The Marvel Cinematic Universe in its entirety feels like one giant blur of meaningful moments, scenes, feelings and characters, all meshing together to create an explosive cinematic experience.
A man building high-tech armour in his fancy basement. A scrawny stick of a soldier going into a machine and coming out a bulging, towering figure. The now iconic circular shot of a series of remarkable individuals coming together in battle for the first time. A space pirate standing by his new friends, facing impossible odds against a powerful villain, deciding to engage in a dance-off. An evacuated airport that becomes the stage for a superhero battle extravaganza. A teary-eyed teenager lying in the arms of his mentor, apologising before gradually fading away into nothing.
So as we approach the culmination of the MCU’s 10-year Avengers saga with Avengers: Endgame, here are my thoughts on a series of movies that I believe are the most enjoyable, rewatchable films ever made. Here’s my ranking of all 20 movies within the Marvel Cinematic Universe, from worst to best.
Infinity War was a surface-level spectacle that hinged solely on maximum-heroes-per-frame moments. Thor was his same life’s-just-one-big-joke Ragnarok self, Vision is feeble and just gets beaten up throughout, Bruce Banner whines from start to finish, and literally everyone on Team Cap just shows up and battles. Its greatest failure is giving Captain America all of 8 lines and nothing to do. How ironic that he was so ignored at the hands of the directors who made him. Weirdly, Doctor Strange was far more memorable here than in his own film.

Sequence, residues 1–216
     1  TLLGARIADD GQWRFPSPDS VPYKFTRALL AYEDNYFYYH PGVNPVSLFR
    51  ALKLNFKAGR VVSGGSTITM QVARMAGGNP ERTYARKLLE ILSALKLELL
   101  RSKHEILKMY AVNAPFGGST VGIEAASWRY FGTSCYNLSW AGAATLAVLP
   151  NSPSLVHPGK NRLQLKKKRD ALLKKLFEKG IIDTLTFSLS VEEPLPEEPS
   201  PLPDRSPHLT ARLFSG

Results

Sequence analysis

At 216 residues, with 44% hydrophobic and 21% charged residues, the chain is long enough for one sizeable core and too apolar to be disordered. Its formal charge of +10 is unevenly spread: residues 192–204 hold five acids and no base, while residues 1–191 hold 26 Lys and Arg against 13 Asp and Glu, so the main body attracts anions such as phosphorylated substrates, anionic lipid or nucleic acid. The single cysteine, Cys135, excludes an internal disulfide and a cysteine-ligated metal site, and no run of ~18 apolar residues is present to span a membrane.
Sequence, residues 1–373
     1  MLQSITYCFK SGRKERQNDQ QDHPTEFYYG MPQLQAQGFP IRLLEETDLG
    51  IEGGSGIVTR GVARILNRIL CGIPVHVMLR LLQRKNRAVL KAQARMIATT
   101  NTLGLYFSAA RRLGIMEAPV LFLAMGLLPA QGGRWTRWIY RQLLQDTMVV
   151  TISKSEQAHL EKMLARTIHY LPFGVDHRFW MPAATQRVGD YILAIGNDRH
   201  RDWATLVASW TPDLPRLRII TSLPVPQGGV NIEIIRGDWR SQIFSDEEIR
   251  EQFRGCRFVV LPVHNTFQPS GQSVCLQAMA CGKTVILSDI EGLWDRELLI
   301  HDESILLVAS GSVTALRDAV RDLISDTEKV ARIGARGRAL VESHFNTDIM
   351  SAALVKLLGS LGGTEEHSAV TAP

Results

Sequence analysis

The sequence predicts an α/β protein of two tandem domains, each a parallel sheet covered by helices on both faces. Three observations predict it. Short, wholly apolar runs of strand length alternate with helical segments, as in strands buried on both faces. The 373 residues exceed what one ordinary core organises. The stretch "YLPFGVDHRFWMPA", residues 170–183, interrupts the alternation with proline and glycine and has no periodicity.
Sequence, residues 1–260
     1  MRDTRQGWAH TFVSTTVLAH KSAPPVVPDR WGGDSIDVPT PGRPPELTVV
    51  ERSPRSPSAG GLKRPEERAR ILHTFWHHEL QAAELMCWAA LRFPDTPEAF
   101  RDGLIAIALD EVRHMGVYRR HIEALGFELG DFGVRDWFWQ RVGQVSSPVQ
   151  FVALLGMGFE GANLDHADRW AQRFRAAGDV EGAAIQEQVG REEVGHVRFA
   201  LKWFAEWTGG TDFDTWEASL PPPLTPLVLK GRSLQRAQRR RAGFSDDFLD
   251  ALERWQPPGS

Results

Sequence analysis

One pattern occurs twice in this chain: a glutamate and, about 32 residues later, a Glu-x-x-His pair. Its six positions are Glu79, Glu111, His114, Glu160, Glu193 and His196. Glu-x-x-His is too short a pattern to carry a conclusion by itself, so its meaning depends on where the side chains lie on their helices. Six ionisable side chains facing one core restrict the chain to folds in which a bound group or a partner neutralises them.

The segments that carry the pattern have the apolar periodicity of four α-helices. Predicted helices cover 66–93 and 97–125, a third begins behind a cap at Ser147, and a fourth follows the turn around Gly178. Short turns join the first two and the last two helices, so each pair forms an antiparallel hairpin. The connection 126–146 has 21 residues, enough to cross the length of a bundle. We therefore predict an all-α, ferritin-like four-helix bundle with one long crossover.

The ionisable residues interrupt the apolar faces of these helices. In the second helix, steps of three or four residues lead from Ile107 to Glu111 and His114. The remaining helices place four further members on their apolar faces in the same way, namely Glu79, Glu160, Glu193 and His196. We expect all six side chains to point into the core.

Remove Thanos and Infinity War is a whole bunch of nothing. While he’s powerful and daunting enough, he just wasn’t enough to carry an entire film which side-lined its most important characters. Infinity War also had some of the weakest set pieces across all the Avengers movies. The entire Wakanda battle was uninteresting.
Maybe it’ll all make sense after watching Endgame, but as a standalone film, Infinity War was spectacularly anticlimactic and made me rethink my entire relationship with the MCU.
Captain Marvel was the most nothing of the few nothing Marvel films. Brie Larson’s Carol Danvers felt ordinary, uninteresting and utterly devoid of personality. What films like Captain America: Civil War did to establish new characters like Black Panther and Spiderman over a handful of scenes, Captain Marvel couldn’t manage for its titular character over an entire movie. A great female superhero has been long overdue from the MCU and this was a wasted opportunity.
The movie also did what the MCU does best – building up great characters over multiple films and undoing them in one fell swoop. Nick Fury was reduced to provider-of-punchlines. And who can forget that historically terrible final scene in which a newly-eye-patched Fury has a eureka moment while thinking of a cool super-friends team name when he sees the word ‘Avengers’ written on the side of a plane. Painful.
Iron Man 2 was an incoherent, unfocused, bloated mess of plot. Despite a few memorable moments like that great courtroom scene with Tony Stark, the film was a desperate attempt to do something meaningful with the character.
You almost have to applaud that convoluted plot which included Stark slowly being poisoned by his own chest piece, leading to him going on a self-destructive bender. All of this while reconnecting with his dead dad who also happened to have discovered a new element which could save Tony’s life. And the purpose of all of this? To change the shape of his chest piece from circle to triangle.
To make it worse, Scarlett Johannson’s Black Widow, who was reduced to just eye-candy.
If the best thing about your movie is a mystical flying cape with personality and a side character with Beyonce jokes, you know something ain’t right. Doctor Strange was a shoddy origin story and hollow visual spectacle. Take away the magic-fuelled fight sequences and mind-bending Inception-esque visuals, and all you’re left with is weak writing and forced, exposition-y dialogue.